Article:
This morning, I saw what seems like a scam contest on “RIP Web 2.0” that’s driving traffic to my blog for no apparent reason, while I am still baffled by it, the notion of “Web 2.0 is over” got me thinking.
It reminded me of a conversation I had with a blogger from the SF Bay Area at the Web 2.0 Expo recently. He proclaimed that “Web 2.0 is over and it’s time to move on.” and went on to say “It was an era and I doubt they’ll have this conference next year.”
Later that day, as I was noodling on what he said, I ran into Robert Scoble. So I asked him – Do you think Web 2.0 is over? What he said was very illuminating, “Until Best Buy puts people on its website, we’ve barely scratched the surface of Web 2.0.” You can read more of Scoble’s thoughts on his blog.
He brought up a great point, while innovators and early adopters who are focused on the technology and are clamoring to move on, one has to question if the true potential of this era has been realized.
Later on at the same conference, Jeremiah Owyang from Forrester, shared an interesting insight that he has seen companies turning off the commenting feature on their blogs. Which means that even companies who claim to be all over Web 2.0 and related social technologies aren’t ready to embrace the participation or openness that Web 2.0 purportedly is all about.
Web 2.0 is a phrase that seemed to have caught on in early 2000s O’Reilly Web 2.0 conference . According to Wikipedia,
“Tim O’Reilly states Web 2.0 is a set of economic, social, and technology trends that collectively form the basis for the next generation of the Internet-a more mature, distinctive medium characterized by user participation, openness, and network effects. (O’Reilly Radar,Principles and Best Practices, 2007)”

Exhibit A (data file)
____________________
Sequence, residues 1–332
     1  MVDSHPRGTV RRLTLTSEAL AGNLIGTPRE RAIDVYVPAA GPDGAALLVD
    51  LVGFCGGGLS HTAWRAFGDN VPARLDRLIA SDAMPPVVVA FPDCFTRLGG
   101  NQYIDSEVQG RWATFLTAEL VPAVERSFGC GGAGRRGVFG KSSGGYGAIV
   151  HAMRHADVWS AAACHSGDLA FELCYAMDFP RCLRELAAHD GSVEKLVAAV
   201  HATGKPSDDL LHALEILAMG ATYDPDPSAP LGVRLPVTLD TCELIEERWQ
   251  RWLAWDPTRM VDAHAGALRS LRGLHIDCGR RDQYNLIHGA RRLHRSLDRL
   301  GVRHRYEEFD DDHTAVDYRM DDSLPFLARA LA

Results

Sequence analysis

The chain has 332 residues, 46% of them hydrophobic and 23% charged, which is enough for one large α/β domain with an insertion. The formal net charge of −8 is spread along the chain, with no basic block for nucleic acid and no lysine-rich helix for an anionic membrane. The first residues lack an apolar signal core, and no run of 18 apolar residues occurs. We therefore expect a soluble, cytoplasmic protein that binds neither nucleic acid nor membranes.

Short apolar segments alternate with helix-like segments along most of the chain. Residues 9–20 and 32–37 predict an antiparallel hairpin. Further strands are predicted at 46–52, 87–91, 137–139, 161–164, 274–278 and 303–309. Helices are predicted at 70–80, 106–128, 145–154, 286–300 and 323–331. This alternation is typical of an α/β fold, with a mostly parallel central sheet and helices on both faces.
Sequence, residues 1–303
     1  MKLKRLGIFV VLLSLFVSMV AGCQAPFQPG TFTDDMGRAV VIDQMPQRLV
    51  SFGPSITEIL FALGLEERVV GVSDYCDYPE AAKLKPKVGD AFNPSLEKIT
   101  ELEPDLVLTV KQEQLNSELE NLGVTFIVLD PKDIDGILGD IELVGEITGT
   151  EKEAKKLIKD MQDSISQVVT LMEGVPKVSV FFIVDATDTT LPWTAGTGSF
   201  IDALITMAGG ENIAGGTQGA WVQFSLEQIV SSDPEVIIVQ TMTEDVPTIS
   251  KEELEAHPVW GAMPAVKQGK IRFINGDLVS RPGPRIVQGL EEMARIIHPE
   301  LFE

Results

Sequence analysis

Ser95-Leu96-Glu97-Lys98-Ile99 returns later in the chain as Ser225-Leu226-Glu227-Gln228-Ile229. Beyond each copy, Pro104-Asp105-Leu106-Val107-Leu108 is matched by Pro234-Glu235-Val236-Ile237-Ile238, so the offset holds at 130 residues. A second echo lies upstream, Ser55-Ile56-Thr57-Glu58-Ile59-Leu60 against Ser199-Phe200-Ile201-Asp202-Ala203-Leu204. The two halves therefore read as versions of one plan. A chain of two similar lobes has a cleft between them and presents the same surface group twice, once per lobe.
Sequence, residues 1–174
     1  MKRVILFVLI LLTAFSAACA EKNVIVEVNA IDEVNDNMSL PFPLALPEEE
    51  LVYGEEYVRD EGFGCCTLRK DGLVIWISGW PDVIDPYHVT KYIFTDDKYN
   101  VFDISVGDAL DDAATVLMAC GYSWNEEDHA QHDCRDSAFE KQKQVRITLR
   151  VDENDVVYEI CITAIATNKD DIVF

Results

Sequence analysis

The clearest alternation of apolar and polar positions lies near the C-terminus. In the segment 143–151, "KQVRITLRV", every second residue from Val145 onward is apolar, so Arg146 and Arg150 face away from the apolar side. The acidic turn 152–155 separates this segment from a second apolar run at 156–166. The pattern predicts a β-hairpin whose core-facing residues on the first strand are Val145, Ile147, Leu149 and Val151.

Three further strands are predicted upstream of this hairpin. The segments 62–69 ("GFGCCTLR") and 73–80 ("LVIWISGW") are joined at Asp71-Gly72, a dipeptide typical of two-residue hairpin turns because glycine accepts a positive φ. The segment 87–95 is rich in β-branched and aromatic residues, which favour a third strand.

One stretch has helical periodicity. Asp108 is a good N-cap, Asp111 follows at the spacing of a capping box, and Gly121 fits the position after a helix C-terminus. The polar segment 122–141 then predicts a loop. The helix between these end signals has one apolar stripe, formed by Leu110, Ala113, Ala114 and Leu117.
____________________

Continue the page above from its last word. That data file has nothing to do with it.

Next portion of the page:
Web 2.0 has manifested itself in the form of blogs, social networks, social sharing tools, etc. but now even O’Reilly has moved on to the next Web ie. Web 3.0 or the Semantic Web. At a blogger roundtable, O’Reilly was asked by a blogger, “What is the Semantic Web?” O’Reilly got up and said “This is Tim O’Reilly” and he took off his badge, “This is Tim O’Reilly”, highlighting a more intelligent web that will be able to provide context no matter where we are on the web.
The Semantic Web isn’t a new concept, it’s about intelligence built into the web (or rather the machines underlying the web) and Tim Berners-Lee already gave us a sneak peak into the future way back in the 1990s. But it seems that the technologies and momentum to make Semantic Web part of our everyday web experience are finally available now.
So what does that mean for Web 2.0? No matter what you want to call it, one thing is for sure, we are moving towards a more intelligent web experience and that’s a good thing.
That being said, I’ll believe that Web 2.0 is over, when I see social-sharing features become as ubiquitous as the websites themselves. I’ll believe it, when companies are able to use these social technologies to harness the knowledge embedded across their global employee base and seamlessly share the data across their organizations. In other words, when the “human” element becomes more important than the underlying technologies and tools. We’re getting there, but we are not there yet. Until then, it’s just hype – Web 2.o hype replaced by Web 3.0 hype.
Btw, I confirmed with show organizers that the Web 2.0 Conference is still on for next year. Janetti Chon from the Web 2.0 said that,
“We’re definitely having a Web 2.0 Expo again, our dates for NY and SF 2010 are already confirmed.”
And no, I didn’t ask if they’re planning to change the name to Web 3.0